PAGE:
By letter dated Nov. 12, 2008, David M. Hardy of the FBI’s FOIA office told me again there were no records. He wrote: “You are advised that your request was remanded for additional searching by the Department of Justice-Office on Information and Privacy. The latest search revealed no records responsive to your FOIPA appeal were located by a search of the automated indices.”

I hereby appeal the adequacy of the FBI’s search. I also request that any future releases by the FBI pertaining to this request will be made in electronic (soft-copy) form. Please note that acceptable formats are .pdf, .jpg, .gif, .tif.

I also request that the FBI modify its search parameters as follows: (1) not restrict it to FBI-originated records; (2) include responsive records maintained by the FBI that were created by other federal agencies or by U.S. Government-sponsored contractors; and (3) include responsive records currently in the possession of a U.S. Government contractor for the purposes of records management.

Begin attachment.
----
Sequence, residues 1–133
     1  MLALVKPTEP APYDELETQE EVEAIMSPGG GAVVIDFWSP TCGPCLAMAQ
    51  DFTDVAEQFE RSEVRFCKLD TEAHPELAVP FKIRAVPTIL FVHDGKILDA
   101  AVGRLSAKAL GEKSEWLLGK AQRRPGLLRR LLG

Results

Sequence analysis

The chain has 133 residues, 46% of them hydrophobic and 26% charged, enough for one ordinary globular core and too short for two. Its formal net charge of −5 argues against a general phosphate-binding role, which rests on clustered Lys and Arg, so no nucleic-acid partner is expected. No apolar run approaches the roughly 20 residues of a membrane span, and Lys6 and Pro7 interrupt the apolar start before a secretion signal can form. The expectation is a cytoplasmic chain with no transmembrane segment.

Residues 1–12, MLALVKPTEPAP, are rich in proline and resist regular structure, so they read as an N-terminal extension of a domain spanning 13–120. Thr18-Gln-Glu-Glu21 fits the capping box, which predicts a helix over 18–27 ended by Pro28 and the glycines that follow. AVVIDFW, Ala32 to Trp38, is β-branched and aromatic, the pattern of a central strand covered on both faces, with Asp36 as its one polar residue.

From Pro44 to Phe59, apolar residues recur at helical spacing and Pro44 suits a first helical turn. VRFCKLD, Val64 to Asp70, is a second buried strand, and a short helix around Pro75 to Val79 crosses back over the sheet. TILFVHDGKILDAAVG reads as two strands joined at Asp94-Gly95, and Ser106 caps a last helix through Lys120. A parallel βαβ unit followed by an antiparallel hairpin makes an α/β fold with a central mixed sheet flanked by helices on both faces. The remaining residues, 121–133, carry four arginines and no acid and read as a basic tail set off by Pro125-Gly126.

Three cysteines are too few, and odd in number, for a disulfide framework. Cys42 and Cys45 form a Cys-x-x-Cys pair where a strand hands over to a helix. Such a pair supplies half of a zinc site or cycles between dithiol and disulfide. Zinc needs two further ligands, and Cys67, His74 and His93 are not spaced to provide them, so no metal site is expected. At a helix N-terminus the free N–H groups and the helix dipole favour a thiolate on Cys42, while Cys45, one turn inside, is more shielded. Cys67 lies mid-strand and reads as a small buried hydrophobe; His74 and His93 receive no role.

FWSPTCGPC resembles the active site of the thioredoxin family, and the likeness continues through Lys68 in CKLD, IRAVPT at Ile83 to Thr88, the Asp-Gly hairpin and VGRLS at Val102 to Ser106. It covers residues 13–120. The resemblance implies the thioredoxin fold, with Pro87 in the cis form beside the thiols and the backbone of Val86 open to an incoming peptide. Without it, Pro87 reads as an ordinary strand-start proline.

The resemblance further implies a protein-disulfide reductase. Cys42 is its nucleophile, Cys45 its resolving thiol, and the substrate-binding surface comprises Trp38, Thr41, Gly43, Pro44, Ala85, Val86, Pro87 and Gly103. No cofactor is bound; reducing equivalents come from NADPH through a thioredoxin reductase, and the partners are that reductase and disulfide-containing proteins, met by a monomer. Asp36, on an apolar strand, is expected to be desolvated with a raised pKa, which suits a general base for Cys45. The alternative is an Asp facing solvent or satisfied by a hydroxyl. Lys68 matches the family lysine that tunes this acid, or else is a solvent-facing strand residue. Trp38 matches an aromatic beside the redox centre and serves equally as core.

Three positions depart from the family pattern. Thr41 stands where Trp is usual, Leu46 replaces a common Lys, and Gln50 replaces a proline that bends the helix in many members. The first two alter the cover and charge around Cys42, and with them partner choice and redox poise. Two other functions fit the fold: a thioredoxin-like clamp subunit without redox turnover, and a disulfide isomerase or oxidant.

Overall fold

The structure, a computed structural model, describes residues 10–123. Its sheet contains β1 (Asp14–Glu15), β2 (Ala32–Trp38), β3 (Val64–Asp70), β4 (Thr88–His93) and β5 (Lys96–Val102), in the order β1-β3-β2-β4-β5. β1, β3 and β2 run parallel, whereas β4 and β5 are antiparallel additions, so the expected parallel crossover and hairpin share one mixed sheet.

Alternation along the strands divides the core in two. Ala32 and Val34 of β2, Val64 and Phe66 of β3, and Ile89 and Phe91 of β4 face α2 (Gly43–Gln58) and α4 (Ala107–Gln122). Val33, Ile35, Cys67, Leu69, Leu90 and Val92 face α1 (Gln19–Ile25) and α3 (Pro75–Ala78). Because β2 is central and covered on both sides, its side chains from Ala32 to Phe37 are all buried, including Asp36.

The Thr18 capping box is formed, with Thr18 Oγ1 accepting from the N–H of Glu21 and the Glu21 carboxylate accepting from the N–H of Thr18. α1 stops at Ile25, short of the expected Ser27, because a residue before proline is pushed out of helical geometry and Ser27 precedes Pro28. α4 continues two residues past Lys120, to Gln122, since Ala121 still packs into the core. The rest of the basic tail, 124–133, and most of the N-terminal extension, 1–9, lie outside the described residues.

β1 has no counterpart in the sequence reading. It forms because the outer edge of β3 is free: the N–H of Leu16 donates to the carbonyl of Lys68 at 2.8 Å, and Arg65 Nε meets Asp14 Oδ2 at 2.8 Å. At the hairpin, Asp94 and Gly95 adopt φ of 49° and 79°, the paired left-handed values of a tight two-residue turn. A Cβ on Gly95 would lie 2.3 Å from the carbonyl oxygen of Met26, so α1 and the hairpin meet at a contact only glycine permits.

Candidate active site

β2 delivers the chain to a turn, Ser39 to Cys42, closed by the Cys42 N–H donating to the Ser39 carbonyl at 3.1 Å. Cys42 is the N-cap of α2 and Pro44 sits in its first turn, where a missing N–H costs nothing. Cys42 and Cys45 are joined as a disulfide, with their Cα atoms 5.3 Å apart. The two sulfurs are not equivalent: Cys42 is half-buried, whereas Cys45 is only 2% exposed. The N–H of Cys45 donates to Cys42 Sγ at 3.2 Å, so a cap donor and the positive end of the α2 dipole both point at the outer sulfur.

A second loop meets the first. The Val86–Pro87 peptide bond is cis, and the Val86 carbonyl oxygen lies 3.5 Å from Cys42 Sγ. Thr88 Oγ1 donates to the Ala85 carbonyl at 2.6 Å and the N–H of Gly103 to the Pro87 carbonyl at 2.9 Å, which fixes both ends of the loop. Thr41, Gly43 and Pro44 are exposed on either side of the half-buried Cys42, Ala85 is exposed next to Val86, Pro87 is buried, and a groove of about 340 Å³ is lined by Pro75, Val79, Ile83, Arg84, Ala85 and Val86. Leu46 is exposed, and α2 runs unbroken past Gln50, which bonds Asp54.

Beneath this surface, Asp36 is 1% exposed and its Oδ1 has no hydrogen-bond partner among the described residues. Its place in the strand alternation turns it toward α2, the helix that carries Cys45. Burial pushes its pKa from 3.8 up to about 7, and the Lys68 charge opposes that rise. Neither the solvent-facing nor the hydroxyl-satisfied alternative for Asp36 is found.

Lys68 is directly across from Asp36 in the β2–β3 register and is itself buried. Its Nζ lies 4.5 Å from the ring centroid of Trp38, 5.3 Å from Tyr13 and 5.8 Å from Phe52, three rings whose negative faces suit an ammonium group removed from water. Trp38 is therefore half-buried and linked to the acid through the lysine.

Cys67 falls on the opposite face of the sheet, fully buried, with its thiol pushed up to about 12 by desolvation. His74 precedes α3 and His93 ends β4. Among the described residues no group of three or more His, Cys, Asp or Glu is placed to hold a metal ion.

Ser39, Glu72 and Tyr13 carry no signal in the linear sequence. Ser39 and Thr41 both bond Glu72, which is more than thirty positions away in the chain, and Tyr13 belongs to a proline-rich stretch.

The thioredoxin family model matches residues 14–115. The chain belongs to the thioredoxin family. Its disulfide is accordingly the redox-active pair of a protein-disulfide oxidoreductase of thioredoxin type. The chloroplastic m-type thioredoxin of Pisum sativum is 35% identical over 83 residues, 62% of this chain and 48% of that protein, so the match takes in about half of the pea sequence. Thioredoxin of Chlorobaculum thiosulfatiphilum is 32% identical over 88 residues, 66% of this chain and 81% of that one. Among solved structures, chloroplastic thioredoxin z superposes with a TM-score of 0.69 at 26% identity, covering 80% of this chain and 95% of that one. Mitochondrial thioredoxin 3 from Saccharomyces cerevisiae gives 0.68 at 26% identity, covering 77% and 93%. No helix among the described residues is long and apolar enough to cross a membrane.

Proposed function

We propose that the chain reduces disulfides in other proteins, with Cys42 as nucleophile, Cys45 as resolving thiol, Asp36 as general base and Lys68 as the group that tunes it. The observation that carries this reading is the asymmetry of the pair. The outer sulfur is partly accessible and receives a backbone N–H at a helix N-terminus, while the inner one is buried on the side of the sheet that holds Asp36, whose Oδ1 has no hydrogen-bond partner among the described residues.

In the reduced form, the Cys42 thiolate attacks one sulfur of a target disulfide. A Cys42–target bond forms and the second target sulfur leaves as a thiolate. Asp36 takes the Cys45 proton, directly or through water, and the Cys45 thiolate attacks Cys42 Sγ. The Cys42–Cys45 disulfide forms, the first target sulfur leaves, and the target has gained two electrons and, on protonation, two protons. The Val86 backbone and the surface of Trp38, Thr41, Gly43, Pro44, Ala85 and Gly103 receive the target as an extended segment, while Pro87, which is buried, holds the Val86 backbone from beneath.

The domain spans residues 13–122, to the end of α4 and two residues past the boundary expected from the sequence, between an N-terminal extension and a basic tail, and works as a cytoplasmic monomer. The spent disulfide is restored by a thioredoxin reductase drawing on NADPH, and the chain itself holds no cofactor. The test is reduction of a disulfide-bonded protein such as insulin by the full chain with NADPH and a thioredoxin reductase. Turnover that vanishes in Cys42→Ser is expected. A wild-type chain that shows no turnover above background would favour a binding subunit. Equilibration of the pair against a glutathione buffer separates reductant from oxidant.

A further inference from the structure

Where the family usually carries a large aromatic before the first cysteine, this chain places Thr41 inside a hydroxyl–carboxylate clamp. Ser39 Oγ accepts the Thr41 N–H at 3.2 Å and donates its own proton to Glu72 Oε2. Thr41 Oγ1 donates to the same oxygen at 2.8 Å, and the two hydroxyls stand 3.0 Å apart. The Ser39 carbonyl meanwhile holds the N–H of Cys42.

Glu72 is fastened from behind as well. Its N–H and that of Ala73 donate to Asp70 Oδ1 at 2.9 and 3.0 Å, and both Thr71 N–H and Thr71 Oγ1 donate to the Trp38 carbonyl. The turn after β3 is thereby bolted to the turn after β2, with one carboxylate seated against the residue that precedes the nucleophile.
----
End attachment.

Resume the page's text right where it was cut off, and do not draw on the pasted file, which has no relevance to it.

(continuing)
Thank you for your consideration of this appeal.

Sincerely,

Dr. Ivan Greenberg
2105 Wallace Ave. #5A
Bronx, NY 10462
Igreen7047@aol.com

Sunday, January 11, 2009

"Dear Editor"

Dec. 17, 2008

Dear Editor:

I was disappointed and puzzled by the rejection of my article (“Information Flow and Political Policing: The FBI’s Troubled Relationship with the FOIA") based on the Reader’s very brief report. I believe this Reader has misunderstood or refused to accept the thesis of the article and the wide scope of the material I marshal to support it. I hope it is not inappropriate for me to write this response.

First, historians and scholars in other fields greatly under use the FOIA. Regarding the FBI , the government holds about 4.75 billion pages of records. Only about 6 million pages have been declassified under the FOIA, as I note in the article. Historians generally neglect the FOIA when its usefulness is critical in writing history in many areas: biography; social movements; the history of the Left and the Right; civil liberties; state power; the law, etc. I hope the publication of my article would encourage scholars to think about the FOIA and use it to get government files. We are talking about several billion pages of primary source material which could recast the writing of the 20th century in very significant ways.